A visit to Bologna Italy is probably not in the cards for most people, ever. Even if you are fortunate enough to travel to Italy, you will probably not end up there. It’s not a romantic Italian destination like Venice, Rome, or the Am Coast. It’s flat and humid in summer, so you would not rent a villa there with your pals as you might in Tuscany. On the surface it is a second tier Italian city in the dull central Po Valley. So why should I write a piece about it? Simple. Because among Italians, Bologna ranks as one of the top cities in quality of life. And when it comes to quality of life, Italians know a thing or two. Also, if you look closely, you will find that Bologna is a superb example of enlightened design and urban planning. You just need to look at it from a different perspective than you get in travel guides, which generally give it only passing mention. And for the best different perspective, I recommend the top of Torre degli Asinelli, an imposing tower built in 1109. I climbed up the 498 wooden steps–25 stories–to take this photo.
The most obvious visual feature of Bologna from this vantage point is the orange and rose hues of the roof tiles and buildings. (I’ve included a shot of San Francisco for a comparison). Bologna is known as the “Red City” both for the colors of its architecture and its roots as a political center for the left wing. It is a city of color with a pleasant, earthy feel, not dimmed by the grey of concrete typical in so many other cities. You also don’t see any wide streets or cars from this perspective. They exist of course, but in the centro citta the streets are narrow and the cars are few. Bologna has done as superb job in prioritizing the rights of pedestrians. Cars are banned from the central part of the city, and the public transportation system is considered one of the best in Europe. You also see pockets of space between the buildings. These are piazzas, and they are numerous and generous, providing elegant public space for all citizens. Still looking from the tower, you will not find any two buildings with the same shape and size or architecture. There are quirky towers and a wild range of roofline and windows. Bologna is a city of rich in diversity and variety, a quality sadly missing in many “planned” communities.
But the truly unique feature of Bologna must be viewed at eye level. Click here to view additional photos. There are the 30 miles of gorgeous arched porticos in the inner city that protect pedestrians from rain in winter and harsh sunlight in summer. You can walk year ‘round in Bologna without an umbrella, hat or sunscreen. The walkways are elegant, integral with the architecture, and predictably infused with warm rose colors. The arcades themselves have a positive effect on the spirit, as any cathedral designer will tell you. The sidewalks they shelter are often done in elegant terrazzo. These pleasing passages guide you around the city and past the myriad stores and cafes in a very democratic way, and, because you are close to shops, reduce the need for commercial signage. I only saw one protruding commercial sign in the walkways, stereotypically a McDonald’s. How did that get through the Bologna planning commission? You are naturally encouraged to saunter through the city at a human pace and take notice of the amazing details all around you. Even the graffiti can seem like a textural element that somehow fits into the genial scheme of things. Bologna is a modern city of 400,000 people that feels like a pleasant village. A walk around the town is one of the most civilized and simulating strolls you can take, anywhere. It is proof that modern culture can exist compatibly with the past.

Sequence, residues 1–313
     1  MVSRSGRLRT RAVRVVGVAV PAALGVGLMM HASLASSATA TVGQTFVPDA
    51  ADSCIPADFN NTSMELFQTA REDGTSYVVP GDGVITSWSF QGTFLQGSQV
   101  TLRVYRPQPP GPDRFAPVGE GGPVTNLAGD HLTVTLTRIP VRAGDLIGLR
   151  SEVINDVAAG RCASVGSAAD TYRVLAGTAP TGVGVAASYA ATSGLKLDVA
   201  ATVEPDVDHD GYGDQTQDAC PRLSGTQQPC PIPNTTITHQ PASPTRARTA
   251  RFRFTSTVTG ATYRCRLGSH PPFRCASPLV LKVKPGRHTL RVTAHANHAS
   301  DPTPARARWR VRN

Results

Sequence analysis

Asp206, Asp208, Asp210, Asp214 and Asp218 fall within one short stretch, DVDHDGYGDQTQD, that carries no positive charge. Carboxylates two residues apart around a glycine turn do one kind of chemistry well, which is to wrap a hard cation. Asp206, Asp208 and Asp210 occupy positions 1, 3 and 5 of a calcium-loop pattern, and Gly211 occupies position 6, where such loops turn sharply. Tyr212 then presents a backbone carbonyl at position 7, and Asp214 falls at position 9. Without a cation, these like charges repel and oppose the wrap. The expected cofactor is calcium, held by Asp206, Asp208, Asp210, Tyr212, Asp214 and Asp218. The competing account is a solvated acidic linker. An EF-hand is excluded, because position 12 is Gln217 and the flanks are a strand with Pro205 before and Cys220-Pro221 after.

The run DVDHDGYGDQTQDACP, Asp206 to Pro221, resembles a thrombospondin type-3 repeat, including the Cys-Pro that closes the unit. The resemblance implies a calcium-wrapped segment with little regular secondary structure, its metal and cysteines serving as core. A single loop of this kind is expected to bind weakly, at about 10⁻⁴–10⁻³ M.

The civility of the design of Bologna is not something acknowledged in travel guides, though they usually point to affordable pleasant hotels right in the main square, and to the numerous important historic points of interest. Bologna is home to the oldest university in the world, dating back to 1088. It was also at the center of the anti-fascist resistance during the Second World War. The architecture is stunning. The Morandi Museum alone is worth the trip. If you are into shopping, whether for fresh produce or cutting edge Italian designer wear, the dearth of tourists make the hunting and gathering that much more pleasurable–a far cry from Florence or Rome. The Bolognese cuisine is exceptional, since the area is justly famous for its pasta, prosciutto, and Parmesan cheese.
Look closely at Bologna from any angle; it would hard to find a better destination in Italy. If you have one, point me in that direction, please.
I encourage you to make comments that can be shared with the public by using the Post Comments section below. If you prefer to contact me privately, click here. Also, I send out an email newsletter on a weekly basis, but I am often adding posts to my blog daily. Frequent visits and comments are appreciated.